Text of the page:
Some of the core subjects you can expect to master when pursuing a Computer Science or Information Technology degree are:
- Linear Algebra
- Design & Analysis of Algorithms and Data Structures
- Theory of Computation
- Programming C++
- Systems Development
- Advanced Mathematics
As you approach your final years, you can choose to specialise and take subjects like:
- Machine Learning
- Quantum Computer Science
- Database Systems Implementation
- Statistical Analysis
- Mobile Design & Technology Application
Upon completion of your studies, you’ll have mastered the skills to analyse, model and create a cool website or a unique mobile app.
Computer Science and Information Technology has grown in popularity over the last two decades, partly due to the success stories of start-ups that have grown into giants like Facebook, Instagram, Pinterest and Alibaba. As the technological world continues to grow, being equipped with a Computer Science/ IT degree will serve you well in the future.
What skills do you need to study Computer Science/ IT?
1) You can solve problems
Generally, having a strong ability to solve problems will serve you well when studying for a Computer Science/IT degree. Imagine looking at a problem, breaking it down into smaller parts, fixing them and finally putting all the pieces back together systematically and accurately (and often within a short time frame).
As you can imagine, being creative will prove useful to tackle complex problems. It’s quite abstract, but once you become more familiar with it, you will be able to visualise solutions to solve the hardest problems.
2) You like numbers
Computer Science involves a tonne of calculations. So, it’ll do you good if you are a maestro who is particularly strong in probability, statistics, and discrete math which you run through all the complex computations.
Being mathematically strong will go a long way to help you as you crunch algorithms, commands and functions.
3) You are a good logical thinker
One of the fundamental parts which you will face during your Computer Science study is to think logically. To do well in Computer Science, you’ll need some serious ability to think logically.
You need to be able to think about computer systems and understand how different parts interact with each other so that you know where decisions need to be made and which consequences they carry.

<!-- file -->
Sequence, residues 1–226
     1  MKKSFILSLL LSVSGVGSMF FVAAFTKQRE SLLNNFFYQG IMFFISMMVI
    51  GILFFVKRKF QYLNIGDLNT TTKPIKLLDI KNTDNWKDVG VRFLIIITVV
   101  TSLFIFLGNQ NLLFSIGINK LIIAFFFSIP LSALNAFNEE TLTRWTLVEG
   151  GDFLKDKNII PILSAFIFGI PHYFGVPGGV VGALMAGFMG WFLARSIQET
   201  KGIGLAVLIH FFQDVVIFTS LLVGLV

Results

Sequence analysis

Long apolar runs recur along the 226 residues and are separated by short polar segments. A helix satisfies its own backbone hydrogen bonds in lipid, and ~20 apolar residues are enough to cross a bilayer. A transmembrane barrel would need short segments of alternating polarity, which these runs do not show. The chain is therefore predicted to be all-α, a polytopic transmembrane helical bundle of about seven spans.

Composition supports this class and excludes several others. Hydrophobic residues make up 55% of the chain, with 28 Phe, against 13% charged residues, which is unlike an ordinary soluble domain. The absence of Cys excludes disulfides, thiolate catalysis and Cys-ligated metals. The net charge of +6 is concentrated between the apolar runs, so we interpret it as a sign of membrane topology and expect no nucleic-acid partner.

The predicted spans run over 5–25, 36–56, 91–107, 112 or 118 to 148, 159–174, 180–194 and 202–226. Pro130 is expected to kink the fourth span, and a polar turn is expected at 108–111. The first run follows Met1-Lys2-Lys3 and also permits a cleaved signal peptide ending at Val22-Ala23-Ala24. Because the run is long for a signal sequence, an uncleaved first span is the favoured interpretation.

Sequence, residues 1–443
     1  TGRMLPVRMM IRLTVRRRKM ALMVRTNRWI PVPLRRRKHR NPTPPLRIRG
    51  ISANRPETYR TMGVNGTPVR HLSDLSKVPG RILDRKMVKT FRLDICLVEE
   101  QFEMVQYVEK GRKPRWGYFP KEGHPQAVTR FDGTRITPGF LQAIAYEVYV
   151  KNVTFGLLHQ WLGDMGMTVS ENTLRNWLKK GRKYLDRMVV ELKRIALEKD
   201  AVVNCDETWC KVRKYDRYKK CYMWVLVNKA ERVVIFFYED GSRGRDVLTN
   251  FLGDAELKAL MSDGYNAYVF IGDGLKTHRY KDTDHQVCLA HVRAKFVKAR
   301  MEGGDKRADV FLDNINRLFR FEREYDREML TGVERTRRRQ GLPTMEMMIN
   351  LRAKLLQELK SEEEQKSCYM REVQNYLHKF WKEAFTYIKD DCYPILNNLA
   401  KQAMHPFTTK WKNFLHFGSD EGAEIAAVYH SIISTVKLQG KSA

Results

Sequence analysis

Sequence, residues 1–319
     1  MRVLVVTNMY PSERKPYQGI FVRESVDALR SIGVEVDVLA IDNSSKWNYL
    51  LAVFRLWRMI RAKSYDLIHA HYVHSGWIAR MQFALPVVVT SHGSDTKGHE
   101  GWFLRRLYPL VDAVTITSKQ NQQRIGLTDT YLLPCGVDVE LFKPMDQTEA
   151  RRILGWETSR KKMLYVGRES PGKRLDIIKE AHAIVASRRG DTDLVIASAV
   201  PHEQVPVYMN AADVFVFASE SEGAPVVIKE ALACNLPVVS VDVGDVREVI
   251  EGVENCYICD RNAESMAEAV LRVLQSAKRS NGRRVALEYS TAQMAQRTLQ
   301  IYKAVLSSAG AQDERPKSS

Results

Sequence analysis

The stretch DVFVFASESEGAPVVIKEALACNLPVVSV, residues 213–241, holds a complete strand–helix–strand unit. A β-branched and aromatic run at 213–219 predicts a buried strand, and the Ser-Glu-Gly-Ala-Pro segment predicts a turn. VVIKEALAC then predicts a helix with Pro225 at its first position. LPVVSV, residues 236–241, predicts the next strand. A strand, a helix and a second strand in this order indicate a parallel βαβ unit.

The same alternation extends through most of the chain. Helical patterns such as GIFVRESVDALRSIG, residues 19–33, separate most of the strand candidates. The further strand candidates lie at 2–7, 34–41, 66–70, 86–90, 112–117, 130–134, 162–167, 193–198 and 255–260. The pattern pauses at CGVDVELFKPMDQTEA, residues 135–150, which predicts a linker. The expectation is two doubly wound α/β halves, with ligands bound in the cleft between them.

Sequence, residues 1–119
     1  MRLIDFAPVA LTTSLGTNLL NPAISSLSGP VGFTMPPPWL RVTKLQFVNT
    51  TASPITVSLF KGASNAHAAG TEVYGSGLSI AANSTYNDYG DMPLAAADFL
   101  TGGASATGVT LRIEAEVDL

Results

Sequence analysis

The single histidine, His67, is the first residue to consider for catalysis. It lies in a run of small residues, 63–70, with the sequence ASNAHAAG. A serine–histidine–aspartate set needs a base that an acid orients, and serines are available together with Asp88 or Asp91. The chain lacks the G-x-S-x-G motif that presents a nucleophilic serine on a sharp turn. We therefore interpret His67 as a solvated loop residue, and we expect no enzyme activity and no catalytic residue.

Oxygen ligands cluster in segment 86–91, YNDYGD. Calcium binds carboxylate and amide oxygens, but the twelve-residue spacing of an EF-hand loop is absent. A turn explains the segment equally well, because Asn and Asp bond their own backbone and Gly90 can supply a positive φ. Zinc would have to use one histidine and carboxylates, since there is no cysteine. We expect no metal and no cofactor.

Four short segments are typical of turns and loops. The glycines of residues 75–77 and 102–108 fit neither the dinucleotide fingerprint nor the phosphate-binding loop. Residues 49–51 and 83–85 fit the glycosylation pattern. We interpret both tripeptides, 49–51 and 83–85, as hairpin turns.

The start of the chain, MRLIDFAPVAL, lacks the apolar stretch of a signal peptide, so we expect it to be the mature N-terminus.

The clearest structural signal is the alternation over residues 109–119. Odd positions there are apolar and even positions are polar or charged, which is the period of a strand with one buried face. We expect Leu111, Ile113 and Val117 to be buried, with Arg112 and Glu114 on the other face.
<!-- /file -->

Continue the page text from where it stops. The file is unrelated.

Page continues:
If you can relate to the above skills, Computer Science might be the perfect fit for you. Don’t get discouraged if one of them is not your greatest strength; you will eventually practise and improve on them.
Where will you end up with a Computer Science/ IT degree?
You can end up almost everywhere. That is right, with a Computer Science/IT Degree, you can work in a wide variety of specialised areas.
Since computer technologies are used in almost every aspect of life, the need for people with Computer Science skills is growing rapidly. Whether you prefer a big corporation or a start-up, there is a demand for your expertise.
Jobs where Computer Science graduates can end up include:
- Mobile App Developer
- Front End Developer
- UI/ UX Designer
- Software Engineer
- Data Mining Specialist
- Game Developer
- Network Specialist
- Systems Designer
- IT Consultant
Computer Science or IT opens a lot of doors to the world of technology, with many great career options available. You can play a role in this world and help to change people’s lives by creating useful applications.
Top 10 Computer Science and IT Schools
These are the Top 10 universities in the world according to QS World University Rankings 2022 (by subject - Computer Science and Information Systems):
- Massachusetts Institute of Technology (MIT), USA
- Stanford University, USA
- Carnegie Mellon University, USA
- University of California--Berkeley, USA
- University of Oxford, UK
- National University of Singapore (NUS)
- Harvard University, USA
- University of Cambridge, USA
- ETH Zurich, Switzerland
- École polytechnique fédérale de Lausanne (EPFL)